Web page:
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Thoughts on the Winter Meetings

Dec 8, 2009, 7:00 AM EDT

Two or three years from now this will all be old hat for me. I’ll be of the Winter Meetings, not merely at them. For now, however, I wish to preserve some observations taken as an outsider to this mad process:

  • The central dynamic of the first day of the meetings was the extreme activity of nothing happening.  Whereas, I’m told, in years past slow news was met with a lot of reporters standing around talking about the lack of news, now it’s met with everyone tweeting about either (a) the lack of news; or (b) the smallest nothing of a rumor in an effort to bootstrap it into something approaching news, usually unsuccessfully.

  • I won’t complain about Twitter’s impact on the meetings itself — it is what it is — but it has the strangest impact on the writers using it.  Mostly I’m struck by how much content and, subsequently, pageviews writers are giving away to Twitter.  Sure, we here at CTB tweet, but not everything and not constantly.  A lot of writers who have primary online outlets, however, are racing to tweet things rather than racing to write even the most basic of blurbs about it on their own websites. Are they “extending their brand,” or are they “robbing their employer of web traffic”?  That’s for the web philosophers to decide, I suppose, but it strikes me that it’s better for me and NBC if you all are reading my b.s. here rather than on Twitter.  Dissenting views appreciated.

  • I’m struggling to think of anywhere I’ve ever been where the male-to-female ratio is so extreme. It’s like Amalie Benjamin and a thousand dudes. 

  • Peter Gammons doesn’t go anywhere without his iPod.

  • Tracy Ringolsby doesn’t go anywhere without his cowboy hat.

  • The Japanese reporters don’t go anywhere without each other. Ever watch the “Planet Earth” documentaries? You know the amazing scenes showing the schools of fish dashing around in perfect unison, darting left and right as if guided by a hive mind?  That’s the Japanese reporters.  They’re mostly interested in where Hideki Matsui is going and they really want to know why anyone would not want to sign Hideki Matsui.

  • I know I shouldn’t be, but I continue to be amazed that I can just leave my laptop in the big press room and no one will mess with it while I’m away.

  • They don’t have coffee in the press room. They have water and soda, but not coffee. I’m guessing the people that run the Starbucks in the hotel lobby have something to do with that.

That’s all I got right now.  We’ll be back at it all day today.  Yesterday we had 50+ posts, and that’s without much of anything happening. Imagine how much we’ll shoot your way in the event some actual news transpires.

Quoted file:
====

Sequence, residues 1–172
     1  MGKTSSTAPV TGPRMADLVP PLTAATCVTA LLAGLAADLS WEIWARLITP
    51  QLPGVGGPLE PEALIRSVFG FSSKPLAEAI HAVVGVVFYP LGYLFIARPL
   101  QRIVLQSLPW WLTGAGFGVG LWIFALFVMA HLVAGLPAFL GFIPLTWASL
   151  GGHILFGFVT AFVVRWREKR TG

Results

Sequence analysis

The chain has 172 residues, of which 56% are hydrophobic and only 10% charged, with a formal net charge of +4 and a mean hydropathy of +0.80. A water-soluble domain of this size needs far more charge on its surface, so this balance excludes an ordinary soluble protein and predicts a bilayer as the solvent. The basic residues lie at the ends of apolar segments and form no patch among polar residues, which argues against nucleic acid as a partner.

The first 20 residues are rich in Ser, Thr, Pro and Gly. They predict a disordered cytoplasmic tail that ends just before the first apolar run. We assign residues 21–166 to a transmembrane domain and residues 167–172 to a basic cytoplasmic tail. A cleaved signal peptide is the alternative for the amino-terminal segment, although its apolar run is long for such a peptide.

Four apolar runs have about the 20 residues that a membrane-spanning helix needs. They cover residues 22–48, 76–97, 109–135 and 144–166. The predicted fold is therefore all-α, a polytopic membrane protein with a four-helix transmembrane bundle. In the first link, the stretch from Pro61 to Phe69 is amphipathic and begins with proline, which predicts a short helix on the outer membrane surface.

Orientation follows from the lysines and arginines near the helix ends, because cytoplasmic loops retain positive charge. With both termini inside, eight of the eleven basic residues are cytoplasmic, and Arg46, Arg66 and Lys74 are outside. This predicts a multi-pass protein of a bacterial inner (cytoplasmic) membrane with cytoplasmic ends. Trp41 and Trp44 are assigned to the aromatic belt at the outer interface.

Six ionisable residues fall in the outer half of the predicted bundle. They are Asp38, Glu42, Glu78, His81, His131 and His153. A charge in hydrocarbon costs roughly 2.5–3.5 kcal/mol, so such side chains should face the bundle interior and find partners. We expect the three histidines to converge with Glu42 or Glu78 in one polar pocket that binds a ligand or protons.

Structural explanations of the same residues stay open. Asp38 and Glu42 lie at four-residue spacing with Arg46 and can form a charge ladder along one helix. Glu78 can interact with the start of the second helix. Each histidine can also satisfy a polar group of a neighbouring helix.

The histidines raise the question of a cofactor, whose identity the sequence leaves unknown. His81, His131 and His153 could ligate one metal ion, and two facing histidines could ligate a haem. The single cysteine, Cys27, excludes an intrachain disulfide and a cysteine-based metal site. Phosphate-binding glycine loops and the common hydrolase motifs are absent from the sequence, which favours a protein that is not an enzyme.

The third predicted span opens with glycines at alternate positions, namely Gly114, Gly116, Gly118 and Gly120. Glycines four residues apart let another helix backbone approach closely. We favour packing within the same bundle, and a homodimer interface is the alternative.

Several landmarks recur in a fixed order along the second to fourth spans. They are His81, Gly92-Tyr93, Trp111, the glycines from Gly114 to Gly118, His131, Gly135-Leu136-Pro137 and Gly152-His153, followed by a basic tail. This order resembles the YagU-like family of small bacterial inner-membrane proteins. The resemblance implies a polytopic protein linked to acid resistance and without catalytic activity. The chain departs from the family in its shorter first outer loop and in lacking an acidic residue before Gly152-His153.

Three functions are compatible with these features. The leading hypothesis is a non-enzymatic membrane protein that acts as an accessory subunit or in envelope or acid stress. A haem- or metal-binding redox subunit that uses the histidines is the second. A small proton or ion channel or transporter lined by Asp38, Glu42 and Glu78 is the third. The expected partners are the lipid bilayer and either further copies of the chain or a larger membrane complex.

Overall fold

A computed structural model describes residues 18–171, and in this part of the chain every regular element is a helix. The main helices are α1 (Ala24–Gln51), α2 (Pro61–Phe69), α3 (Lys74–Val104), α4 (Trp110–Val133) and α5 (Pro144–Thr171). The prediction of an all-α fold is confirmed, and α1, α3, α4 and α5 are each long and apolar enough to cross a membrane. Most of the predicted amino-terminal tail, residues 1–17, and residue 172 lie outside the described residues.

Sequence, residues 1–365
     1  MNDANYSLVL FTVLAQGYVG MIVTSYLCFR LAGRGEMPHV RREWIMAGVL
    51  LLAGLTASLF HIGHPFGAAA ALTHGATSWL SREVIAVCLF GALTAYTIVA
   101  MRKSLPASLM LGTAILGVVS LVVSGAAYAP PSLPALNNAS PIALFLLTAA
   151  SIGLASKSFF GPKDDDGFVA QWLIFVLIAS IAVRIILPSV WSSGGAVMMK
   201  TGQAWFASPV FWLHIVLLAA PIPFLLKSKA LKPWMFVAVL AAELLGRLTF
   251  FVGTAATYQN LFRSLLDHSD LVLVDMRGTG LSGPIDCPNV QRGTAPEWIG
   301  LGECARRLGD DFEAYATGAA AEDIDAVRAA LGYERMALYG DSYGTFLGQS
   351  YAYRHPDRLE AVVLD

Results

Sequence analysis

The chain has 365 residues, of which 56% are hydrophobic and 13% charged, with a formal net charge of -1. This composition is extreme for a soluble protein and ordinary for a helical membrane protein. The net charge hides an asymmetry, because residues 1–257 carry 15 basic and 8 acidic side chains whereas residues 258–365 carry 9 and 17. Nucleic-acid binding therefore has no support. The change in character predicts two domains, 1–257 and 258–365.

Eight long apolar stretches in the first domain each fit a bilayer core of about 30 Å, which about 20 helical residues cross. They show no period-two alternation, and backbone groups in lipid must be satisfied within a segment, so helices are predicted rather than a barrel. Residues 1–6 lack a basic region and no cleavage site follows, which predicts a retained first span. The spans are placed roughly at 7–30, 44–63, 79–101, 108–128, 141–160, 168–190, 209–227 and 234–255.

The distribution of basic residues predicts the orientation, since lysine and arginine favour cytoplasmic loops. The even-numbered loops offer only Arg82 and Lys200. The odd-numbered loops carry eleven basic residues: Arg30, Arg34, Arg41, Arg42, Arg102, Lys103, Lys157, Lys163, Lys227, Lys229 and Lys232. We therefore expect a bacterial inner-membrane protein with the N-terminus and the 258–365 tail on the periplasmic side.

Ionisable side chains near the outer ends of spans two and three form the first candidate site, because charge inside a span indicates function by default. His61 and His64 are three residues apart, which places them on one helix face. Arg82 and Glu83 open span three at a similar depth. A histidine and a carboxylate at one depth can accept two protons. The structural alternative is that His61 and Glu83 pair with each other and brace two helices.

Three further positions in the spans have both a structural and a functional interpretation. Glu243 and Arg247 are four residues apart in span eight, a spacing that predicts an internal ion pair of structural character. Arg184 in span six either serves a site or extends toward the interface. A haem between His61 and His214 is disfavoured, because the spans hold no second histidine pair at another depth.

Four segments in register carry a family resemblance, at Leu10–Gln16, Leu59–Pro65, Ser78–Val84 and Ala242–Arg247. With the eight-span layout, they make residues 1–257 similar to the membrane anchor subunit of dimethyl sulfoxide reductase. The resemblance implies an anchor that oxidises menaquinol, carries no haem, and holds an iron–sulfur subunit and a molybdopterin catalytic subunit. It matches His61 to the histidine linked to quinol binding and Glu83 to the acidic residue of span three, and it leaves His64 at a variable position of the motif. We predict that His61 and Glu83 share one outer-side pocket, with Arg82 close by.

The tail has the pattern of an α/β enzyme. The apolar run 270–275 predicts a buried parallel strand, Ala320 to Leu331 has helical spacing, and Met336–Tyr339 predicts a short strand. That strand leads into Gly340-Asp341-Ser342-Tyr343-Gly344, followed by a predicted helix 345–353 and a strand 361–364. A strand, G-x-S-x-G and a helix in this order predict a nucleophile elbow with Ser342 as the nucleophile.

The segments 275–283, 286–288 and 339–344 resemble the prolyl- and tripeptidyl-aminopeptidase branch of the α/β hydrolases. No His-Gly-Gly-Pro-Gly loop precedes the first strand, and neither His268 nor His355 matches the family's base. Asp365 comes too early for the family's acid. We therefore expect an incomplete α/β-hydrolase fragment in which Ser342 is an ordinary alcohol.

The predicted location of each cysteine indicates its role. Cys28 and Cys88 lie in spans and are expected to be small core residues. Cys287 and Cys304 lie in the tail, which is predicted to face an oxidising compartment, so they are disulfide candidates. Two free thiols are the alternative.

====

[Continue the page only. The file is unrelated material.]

1. YankeesfanLen - Dec 8, 2009 at 7:26 AM

    Would hate to be following all those tweets, the quantity of posts here just overwhelmed me. Can’t we have Universe stories in blue headlines or something?
    Having Bobby Cox wallpaper and Windows 95 on your laptop probably is what keeps it safe- or is it Ozzie?
    Keep up the good work.

  2. Old Gator - Dec 8, 2009 at 7:27 AM

    I don’t mind if you guys tweet a lot, as long as you don’t defecate on my new car as well. Frankly, I think Twitter is the dumbest medium to come along since we tried to send intelligible messages through phones made of two tin cans and a tight string as pre-adolescents. All it did was distract from our weaning and toilet training, and I can already see Twitter having the same effect on all those oxymoronically titled “sports journalists.” Why write entire stories when you can expectorate McNuggets of information in a few seconds and consider your job finished? Well, maybe because you’ve been a keen enough armchair anthropologist over the last decade or so and noticed that fully developed essays are a waste of time in an era when the vast majority of the population has become so virulently averse to thinking. Twitter seems to be the ideal communication system for an era wherein everyone wants to be an idiot processing thought fragments like bee stings. Soldier on, I guess.

  3. John_Michael - Dec 8, 2009 at 7:39 AM

    Craig: No reports pertaining to the hotel bar’s bourbon selection?
    OG: Please don’t tell me you invested in the best horse and buggy whip producing company last fiscal quarter.

  4. Lorna - Dec 8, 2009 at 7:50 AM

    Agree about the tweeting Craig. I haven’t been to the sites of any of the guys who tweet a lot; I rely on their tweets. Then I come here and a couple of other places.
    Twitter, regarding the Winter meetings, are probably best served for little anecdotes they have nothing to do with trades and team moves.

  5. Jason @ IIATMS - Dec 8, 2009 at 8:31 AM

    The Twitter phenemenon is fascinating. I can understand it if you have a posting/story to get out to the masses, but so many just dump ideas out there.